23 Mar 2018 Fixer upper: Renovations under way in Conway’s first neighborhood
I am a design nerd, especially when it comes to residential architecture. More than once on a sidewalk stroll, I have had to awkwardly explain to a homeowner that I was not trying to peek in a window, I was simply admiring their well-crafted porch corbels.
One of my favorite places to take those sidewalk strolls is along the shady streets of the area informally known as Old Town Conway. Conway’s very first residential neighborhood is here, a planned community that developed in the late 1800s around the downtown railroad depot. This neighborhood – in the general area of Robinson Avenue, Caldwell and Prince Streets – is now known as the Robinson Historic District.
Most of the homes in this district and the adjoining neighborhood were built from the 1890s to the 1950s, the glory days of residential design. From stately mansions to the cutest tiny cottages, each home is unique and brimming with charm and design elements from the era of its construction. Many of the homes stand as tall and proud as the day they were built. Some have felt the tragedy of time with their crafted curves and stately lines sagging in disrepair.
But there is an exciting trend gaining ground in this little neighborhood. These days it seems like somewhere on nearly every block, hammers are flying and saws are whirring, breathing new life back into another of these fantastic old homes. Homeowners are drawn to this area for its historic style and the convenience of being within walking or biking distance from schools, area parks and the shops and restaurants of Downtown Conway. Demand for this area has sparked a renovation revival.
“I truly feel like Old Town Conway is experiencing a revitalization like never before,” said Niki Thompson, brushing some sawdust from her shoulder and onto the front porch of a historic home that is in the midst of a resurrection. “It is becoming a sought after area to live in. No other place in Conway has such a sense of community. The people of old town love where they live. The neighbors all know each other and they take such pride in their homes and neighborhood.”
Niki should know. She is the visionary behind the home restoration company Storybook Homes, which she operates with her husband Rory. As we visit, cars passing by on the busy street honk and give a thumbs-up, or slow down to shout a resounding, “Thanks and nice work!”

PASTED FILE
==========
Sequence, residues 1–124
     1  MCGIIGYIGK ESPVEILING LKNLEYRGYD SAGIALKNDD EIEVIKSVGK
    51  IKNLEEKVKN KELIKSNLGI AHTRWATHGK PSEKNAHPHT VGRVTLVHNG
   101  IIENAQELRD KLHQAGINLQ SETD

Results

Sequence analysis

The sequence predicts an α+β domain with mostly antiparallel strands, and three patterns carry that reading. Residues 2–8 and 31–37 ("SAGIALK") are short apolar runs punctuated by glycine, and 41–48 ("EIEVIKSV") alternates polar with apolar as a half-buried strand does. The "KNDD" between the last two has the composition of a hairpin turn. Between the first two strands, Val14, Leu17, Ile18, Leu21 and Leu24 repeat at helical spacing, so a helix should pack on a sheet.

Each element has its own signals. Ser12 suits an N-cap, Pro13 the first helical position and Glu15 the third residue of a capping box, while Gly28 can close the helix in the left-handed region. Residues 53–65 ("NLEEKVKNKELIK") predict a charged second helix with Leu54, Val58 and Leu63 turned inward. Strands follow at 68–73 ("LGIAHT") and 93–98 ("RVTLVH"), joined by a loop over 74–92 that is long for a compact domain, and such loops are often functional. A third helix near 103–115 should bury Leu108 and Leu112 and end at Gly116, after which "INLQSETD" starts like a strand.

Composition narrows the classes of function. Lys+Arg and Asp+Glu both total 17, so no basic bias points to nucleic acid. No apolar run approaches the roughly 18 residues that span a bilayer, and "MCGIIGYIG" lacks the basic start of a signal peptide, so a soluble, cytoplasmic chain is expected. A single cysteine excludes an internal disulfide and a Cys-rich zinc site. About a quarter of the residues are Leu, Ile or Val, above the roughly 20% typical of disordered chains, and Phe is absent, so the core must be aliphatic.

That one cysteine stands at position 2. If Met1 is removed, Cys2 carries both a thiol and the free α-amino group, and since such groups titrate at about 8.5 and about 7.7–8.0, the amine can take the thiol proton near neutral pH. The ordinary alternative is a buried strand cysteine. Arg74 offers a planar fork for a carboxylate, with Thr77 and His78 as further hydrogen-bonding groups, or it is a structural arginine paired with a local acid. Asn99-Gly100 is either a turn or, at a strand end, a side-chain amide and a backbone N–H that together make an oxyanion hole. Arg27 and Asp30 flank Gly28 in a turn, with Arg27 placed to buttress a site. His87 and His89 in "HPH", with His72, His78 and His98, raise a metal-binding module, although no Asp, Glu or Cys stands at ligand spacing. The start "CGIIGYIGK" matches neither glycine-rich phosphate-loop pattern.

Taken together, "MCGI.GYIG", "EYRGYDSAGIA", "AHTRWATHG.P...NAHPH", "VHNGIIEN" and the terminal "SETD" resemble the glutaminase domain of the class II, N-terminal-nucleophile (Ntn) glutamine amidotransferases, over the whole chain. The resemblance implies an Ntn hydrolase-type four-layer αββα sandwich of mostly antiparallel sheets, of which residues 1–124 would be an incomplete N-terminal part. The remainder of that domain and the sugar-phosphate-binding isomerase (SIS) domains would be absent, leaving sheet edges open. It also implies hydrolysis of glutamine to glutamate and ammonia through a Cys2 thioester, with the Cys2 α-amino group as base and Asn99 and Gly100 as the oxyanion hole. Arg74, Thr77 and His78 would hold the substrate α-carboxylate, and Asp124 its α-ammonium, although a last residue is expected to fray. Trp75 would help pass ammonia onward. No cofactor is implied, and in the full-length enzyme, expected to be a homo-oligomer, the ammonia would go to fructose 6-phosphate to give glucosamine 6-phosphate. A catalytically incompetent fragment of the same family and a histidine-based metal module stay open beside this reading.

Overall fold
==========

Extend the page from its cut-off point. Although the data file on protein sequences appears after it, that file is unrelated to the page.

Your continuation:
“It happens like that all day long,” said Thompson. It is evident that the neighbors appreciate her passion for seeing the beauty beyond the overgrown shrubs and peeling paint and bringing these once glorious homes back for generations to come.
Home buyers are going to great lengths to live in old town. Scott and Laura Roussel had been looking for a home in the old town area for several years when they got a lucky lead on a ramshackle little home on Ash Street. Of course, beauty is in the eye of the beholder and Laura could see the potential charm beyond the overgrown yard and broken windows. She enlisted the help of local restoration icon Lance Johnston of Reform Design+Build to turn that little broken down home into a fabulous cottage.
Restoring a historic home may seem like a fairy tale, but it is challenging and expensive work. “Most of the homes we redo have been neglected for years and everything needs to be redone,” said Johnston. “It’s difficult to do everything and keep a job on budget.”
Thompson said, “I like the challenge of finding the most terrible home on the block and turning it into something beautiful. Often that means tearing out all the walls and even taking the flooring all the way down to the dirt. It’s not easy work but I want to give my best to every house that I work on and help bring out its unique personality.”
“Downtown has come a long way,” says Johnston, “but there is still a long way to go.” As more and more homes are restored, the value of those homes and the homes around it increase and higher home values mean that more of these homes become feasible to restore from an investment standpoint. “I see the old town area continuing to get more popular with more new infill as well as continued restoration of the older gems. I receive calls on a weekly basis from people interested in living downtown. They are from all walks of life, newlyweds to empty nesters. I think the historic district will one day be the most desirable place in Conway to live.”
“The borders are expanding on the parts of old town where people want to live,” says Thompson. “Not long ago, there were a few specific areas of interest but that area is growing. My vision is that every home in old town would see its full potential and that the uniqueness found in the old town area would spill out into our new neighborhoods. The historic district is in the heart of the city so if you focus on making the heart healthy, the rest of the city will flourish.”
Donna Benton is a maker of custom home furnishings and specializes in classic painted finishes for antique and vintage furniture. You can see her work at WaterHouseMarket.com.